DOE Pulse
  • Number 402  |
  • December 2, 2013

Idaho laser research could benefit nuclear fuel recycling

The high-power laser within the Center for Advanced Energy Studies at INL.

The high-power laser within the Center for
Advanced Energy Studies at INL.

James Bond used a laser beam to cut through windows and walls, but scientists with the Center for Advanced Energy Studies (CAES) at DOE's Idaho National Laboratory are using a new laser that can melt metal.

Scientists are evaluating a system called Laser-Induced Breakdown Spectroscopy (LIBS), which uses a high-power laser to discern the contents of used nuclear fuel.

LIBS could provide real-time analysis of used nuclear fuel during recycling, a capability useful for both industry and government agencies. Knowing the element ratios throughout the recycling procedure can also prevent plutonium diversion for illicit use.

The laser's heat converts a speck of molten salt into plasma. As it cools, the elements inside the plasma emit photons. Different isotopes from elements give off characteristic photons at different wavelengths, which are collected by a spectrograph and a detector.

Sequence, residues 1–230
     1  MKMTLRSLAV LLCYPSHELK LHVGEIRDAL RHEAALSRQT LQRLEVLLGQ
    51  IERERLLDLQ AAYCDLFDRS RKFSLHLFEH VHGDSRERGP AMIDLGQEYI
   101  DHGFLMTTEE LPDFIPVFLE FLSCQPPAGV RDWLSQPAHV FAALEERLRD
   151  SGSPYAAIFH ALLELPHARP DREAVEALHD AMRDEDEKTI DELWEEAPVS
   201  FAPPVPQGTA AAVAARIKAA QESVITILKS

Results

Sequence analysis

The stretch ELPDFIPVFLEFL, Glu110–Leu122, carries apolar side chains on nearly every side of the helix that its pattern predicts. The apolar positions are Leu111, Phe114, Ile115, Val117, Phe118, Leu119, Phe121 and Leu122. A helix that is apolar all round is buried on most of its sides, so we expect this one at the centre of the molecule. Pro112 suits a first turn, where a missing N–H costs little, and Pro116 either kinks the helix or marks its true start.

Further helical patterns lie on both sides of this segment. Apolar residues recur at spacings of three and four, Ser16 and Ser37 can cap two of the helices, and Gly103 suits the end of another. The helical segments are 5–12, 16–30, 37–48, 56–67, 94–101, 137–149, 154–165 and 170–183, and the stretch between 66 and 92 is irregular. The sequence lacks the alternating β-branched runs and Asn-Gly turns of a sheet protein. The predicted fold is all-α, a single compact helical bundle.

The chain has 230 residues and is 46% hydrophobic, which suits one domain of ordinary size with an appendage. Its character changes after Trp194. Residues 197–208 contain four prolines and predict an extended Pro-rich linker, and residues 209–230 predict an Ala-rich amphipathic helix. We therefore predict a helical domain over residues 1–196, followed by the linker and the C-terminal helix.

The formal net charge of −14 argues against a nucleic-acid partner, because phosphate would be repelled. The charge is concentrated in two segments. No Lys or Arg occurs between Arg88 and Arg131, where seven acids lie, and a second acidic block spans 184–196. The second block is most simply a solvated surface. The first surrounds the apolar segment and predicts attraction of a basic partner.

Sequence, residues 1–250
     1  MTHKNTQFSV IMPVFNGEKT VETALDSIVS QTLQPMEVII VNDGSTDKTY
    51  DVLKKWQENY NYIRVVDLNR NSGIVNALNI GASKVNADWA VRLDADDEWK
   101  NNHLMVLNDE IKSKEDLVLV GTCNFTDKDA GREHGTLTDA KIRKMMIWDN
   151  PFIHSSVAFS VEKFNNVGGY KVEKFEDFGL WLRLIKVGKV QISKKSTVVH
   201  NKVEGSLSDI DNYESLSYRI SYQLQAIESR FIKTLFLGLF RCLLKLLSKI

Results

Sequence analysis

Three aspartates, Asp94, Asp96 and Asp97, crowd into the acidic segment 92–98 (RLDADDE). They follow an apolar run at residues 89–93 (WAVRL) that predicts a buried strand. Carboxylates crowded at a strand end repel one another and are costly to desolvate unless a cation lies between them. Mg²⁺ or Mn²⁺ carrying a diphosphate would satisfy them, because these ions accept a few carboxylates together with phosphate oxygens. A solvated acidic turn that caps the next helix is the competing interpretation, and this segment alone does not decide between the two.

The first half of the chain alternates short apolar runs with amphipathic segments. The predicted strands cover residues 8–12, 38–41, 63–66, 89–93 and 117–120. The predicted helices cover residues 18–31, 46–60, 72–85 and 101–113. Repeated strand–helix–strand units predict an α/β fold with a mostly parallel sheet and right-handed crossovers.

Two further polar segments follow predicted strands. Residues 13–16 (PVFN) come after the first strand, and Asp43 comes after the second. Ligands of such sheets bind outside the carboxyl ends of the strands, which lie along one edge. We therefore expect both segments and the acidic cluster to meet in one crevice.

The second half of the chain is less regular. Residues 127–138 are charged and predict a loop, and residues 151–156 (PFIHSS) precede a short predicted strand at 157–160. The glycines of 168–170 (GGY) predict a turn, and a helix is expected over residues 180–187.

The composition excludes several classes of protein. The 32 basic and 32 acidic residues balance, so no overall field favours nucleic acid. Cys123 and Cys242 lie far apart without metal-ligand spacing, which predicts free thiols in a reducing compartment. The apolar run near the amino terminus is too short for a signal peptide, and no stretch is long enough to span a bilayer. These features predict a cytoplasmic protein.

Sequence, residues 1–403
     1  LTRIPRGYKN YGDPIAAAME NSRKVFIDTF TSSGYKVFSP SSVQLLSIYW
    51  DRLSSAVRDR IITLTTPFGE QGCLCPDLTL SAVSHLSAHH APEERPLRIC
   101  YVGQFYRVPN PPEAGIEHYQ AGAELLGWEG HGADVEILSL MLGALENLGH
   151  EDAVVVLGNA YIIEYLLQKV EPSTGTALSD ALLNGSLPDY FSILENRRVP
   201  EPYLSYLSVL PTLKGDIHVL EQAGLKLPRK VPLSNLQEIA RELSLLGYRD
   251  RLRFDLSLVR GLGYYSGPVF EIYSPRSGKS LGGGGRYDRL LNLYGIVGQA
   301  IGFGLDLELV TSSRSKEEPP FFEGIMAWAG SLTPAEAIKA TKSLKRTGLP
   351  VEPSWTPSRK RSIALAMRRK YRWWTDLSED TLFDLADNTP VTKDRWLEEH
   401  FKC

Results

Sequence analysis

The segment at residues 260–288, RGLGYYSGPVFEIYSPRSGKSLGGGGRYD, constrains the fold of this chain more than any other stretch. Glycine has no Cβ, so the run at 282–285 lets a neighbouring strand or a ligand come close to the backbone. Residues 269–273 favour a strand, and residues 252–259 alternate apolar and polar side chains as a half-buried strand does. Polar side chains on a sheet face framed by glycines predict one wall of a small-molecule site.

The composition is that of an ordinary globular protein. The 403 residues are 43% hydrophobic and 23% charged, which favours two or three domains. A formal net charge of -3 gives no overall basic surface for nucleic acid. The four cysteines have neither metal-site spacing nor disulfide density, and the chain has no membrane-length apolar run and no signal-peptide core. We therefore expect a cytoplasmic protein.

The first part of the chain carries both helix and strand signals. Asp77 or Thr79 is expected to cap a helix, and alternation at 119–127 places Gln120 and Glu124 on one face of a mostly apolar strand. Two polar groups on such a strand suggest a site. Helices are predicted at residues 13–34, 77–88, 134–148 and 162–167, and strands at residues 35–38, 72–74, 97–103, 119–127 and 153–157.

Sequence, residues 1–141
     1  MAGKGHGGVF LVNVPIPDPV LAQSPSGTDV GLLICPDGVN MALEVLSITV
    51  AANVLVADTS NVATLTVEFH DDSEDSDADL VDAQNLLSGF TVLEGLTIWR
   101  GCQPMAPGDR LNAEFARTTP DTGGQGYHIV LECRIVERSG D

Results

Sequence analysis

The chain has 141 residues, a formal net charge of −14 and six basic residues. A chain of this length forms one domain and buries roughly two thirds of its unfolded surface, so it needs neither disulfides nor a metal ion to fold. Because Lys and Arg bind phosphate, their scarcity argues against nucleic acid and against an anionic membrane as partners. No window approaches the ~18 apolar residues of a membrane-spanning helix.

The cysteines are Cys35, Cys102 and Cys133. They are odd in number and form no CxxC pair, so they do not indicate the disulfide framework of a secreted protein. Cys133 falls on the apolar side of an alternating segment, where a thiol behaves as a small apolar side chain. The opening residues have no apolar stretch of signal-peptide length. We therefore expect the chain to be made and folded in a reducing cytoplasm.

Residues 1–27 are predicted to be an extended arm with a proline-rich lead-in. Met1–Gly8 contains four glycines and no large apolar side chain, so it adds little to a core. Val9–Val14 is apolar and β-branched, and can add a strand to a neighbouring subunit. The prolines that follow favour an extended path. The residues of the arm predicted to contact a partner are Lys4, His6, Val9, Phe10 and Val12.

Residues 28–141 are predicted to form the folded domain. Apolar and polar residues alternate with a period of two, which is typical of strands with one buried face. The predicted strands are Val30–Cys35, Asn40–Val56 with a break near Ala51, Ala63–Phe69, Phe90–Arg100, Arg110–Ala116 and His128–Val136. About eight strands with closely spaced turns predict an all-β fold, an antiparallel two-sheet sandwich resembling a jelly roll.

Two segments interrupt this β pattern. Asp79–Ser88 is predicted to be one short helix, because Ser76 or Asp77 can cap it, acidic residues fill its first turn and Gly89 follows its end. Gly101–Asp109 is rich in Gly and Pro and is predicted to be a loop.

The wavelengths and intensity of the light collected can reveal the contents of the fuel, enabling precise calculations of how much plutonium or uranium is in the sample. Such information can help optimize processes and aid nuclear proliferation inspectors.

Supathorn Phongikaroon, the project's principal investigator, is still working on nonirradiated samples to test how accurately LIBS can record ratios. Soon the researchers will use cerium and manganese to calibrate the LIBS system. Since cerium emits characteristic wavelengths in the same range as plutonium, it is a good nonradioactive surrogate for testing how LIBS will run with the real thing.

[Nicole Stricker, 208.526.5955,]